My father has been in a bit of a funk lately. Life in general has been overwhelming for him and the weather combined with the holidays always tends to add to that funk. It's particularly frustrating because Christmas has always been something my family rallies for in spite of any other set backs. A week or so before my due date, I told Rich, "this is exciting! It's like Christmas only we don't know when it's going to come!" He said that he thought labor would be a little more painful than Christmas but I told him he obviously doesn't see the lengths my family has gone to for the holidays in the past. Labor might seem like a walk in the park by comparison.
As we kids became adults, it became harder for my parents to rally to the Christmas spirit. They would always fret over the gift to give all of us, but never really mastered the art of receiving gifts from us. As kids we never gave gifts to our parents. My family is not the sentimental type, ignoring anniversaries and birthdays on all counts unless some outside party made a big deal of it. So my parents managed to avoid all those "soap on a rope" type gifts from their children. It never seemed odd to me.
Once I became an adult, though, I wanted to get them something. Long ago, Jeremy and I were in Wal-Mart in Christiansburg a few weeks before Christmas and I noticed a SONY boom box. My father has always been a music lover. He bought turntables and amplifiers in Hong Kong during his tour in Vietnam while at the same time refusing to spend the extra 10 cents to ride above deck on the boat ride across the city. He had his priorities. Had he been born in another era, he could have been that guy in High Fidelity. So after much hemming and hawing, we bought the boom box with money we only kind of had at the time. It was $99. I've spent that much on sushi dinners nowadays but at the time it was a hell of a lot of money.
Daddy had been buying CDs of his favorite music at various hock shops around town without actually owning a CD player of any kind. He had already amassed quite a collection of untapped classics by that December when he opened his gift. My father doesn't make a big show of things. I think he said something like "ah wow" but in an understated tone - no exclamation point at the end of the sentence. My mother later told me that his first concern upon opening it was that it was too expensive of a gift for me to buy him and they should offer to pay for part of it.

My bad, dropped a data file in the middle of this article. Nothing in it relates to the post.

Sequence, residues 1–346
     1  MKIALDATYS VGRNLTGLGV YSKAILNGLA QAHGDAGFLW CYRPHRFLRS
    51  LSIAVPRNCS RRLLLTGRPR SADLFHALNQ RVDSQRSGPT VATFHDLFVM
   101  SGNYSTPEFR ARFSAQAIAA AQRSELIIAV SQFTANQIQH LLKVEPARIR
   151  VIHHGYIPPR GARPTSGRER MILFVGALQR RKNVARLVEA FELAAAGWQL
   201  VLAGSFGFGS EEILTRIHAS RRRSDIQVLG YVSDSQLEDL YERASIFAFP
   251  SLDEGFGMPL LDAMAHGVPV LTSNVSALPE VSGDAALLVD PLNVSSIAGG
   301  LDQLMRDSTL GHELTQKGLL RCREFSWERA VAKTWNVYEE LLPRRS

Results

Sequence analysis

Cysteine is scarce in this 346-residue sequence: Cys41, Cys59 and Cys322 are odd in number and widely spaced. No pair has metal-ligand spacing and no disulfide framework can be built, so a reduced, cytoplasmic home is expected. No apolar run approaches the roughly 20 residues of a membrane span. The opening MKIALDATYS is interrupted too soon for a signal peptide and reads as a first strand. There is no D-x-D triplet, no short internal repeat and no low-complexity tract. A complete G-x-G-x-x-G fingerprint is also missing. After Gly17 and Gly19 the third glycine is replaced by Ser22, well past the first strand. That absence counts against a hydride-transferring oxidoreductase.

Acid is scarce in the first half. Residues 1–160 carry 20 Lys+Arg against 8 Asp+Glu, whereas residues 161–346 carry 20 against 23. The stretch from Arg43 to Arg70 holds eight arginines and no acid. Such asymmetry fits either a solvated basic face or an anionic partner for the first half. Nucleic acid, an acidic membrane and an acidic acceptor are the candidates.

Once he opened it, though, and started assessing its features he became completely enamored. For a little boom box, it puts out a pretty good volume. It has equalizer settings on the front versus those standard Rock/Blues/Classical settings others offer. It was compact so it could fit on a shelf in their crowded house. And it opened up a whole new world of music for him again.
That Christmas I had the special treat of getting my father a gift that literally changed his life. Daddy now probably has a music collection that far surpasses the albums of his youth and may even rival my own collection as far as volume if not artists themselves. All of them were purchased at hock shops or discount stores. I'm not sure he's paid over $5 for a CD. Each CD has a post-it note on it with is favorite track numbers listed to make it easier for him to program. I can't tell you how many times I have walked in their house to hear Phantom of the Opera at volume 11 blasting from the top of those filing cabinets in the family room. I would have never even guessed my father liked Phantom of the Opera.
The gift we couldn't afford back then was worth every penny.
Unfortunately, that was 1998 or so and I don't think we've found another great gift like that since. My father is having a hard time. We don't tend to use the word depression in our family, but if it walks like a duck and mopes like a duck and wrings its little wings like a duck, it might just be depressed. I wish there were some sort of gift I could find for him this year - another item that Rich and I wouldn't quite be able to afford but would buy all the same that might bring him out of this darkness. I wish it could be another TV moment where he'd open the box and there would be that glow coming from it like in jewelry commercials.
But it's less than three weeks from Christmas and nothing's coming to mind. I'm not sure the magic answer would come from a store anyways. Maybe a winning lottery ticket and a Xanax would fit in a jewelry box and I'd just add in a tea light to get that glowing effect when he opened it.